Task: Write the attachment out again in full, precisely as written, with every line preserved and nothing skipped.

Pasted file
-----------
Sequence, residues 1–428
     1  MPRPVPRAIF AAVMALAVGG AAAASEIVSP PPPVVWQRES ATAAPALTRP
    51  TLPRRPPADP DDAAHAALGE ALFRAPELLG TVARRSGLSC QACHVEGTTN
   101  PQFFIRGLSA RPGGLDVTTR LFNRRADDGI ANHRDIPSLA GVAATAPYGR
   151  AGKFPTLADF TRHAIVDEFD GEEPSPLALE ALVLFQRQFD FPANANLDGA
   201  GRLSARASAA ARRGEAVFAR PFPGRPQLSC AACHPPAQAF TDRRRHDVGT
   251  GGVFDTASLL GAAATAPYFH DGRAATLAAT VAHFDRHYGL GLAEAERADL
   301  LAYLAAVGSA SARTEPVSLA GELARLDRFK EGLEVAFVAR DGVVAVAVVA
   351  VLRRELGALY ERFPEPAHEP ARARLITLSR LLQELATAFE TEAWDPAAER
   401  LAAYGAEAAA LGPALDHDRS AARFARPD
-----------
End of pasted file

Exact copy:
Sequence, residues 1–428
     1  MPRPVPRAIF AAVMALAVGG AAAASEIVSP PPPVVWQRES ATAAPALTRP
    51  TLPRRPPADP DDAAHAALGE ALFRAPELLG TVARRSGLSC QACHVEGTTN
   101  PQFFIRGLSA RPGGLDVTTR LFNRRADDGI ANHRDIPSLA GVAATAPYGR
   151  AGKFPTLADF TRHAIVDEFD GEEPSPLALE ALVLFQRQFD FPANANLDGA
   201  GRLSARASAA ARRGEAVFAR PFPGRPQLSC AACHPPAQAF TDRRRHDVGT
   251  GGVFDTASLL GAAATAPYFH DGRAATLAAT VAHFDRHYGL GLAEAERADL
   301  LAYLAAVGSA SARTEPVSLA GELARLDRFK EGLEVAFVAR DGVVAVAVVA
   351  VLRRELGALY ERFPEPAHEP ARARLITLSR LLQELATAFE TEAWDPAAER
   401  LAAYGAEAAA LGPALDHDRS AARFARPD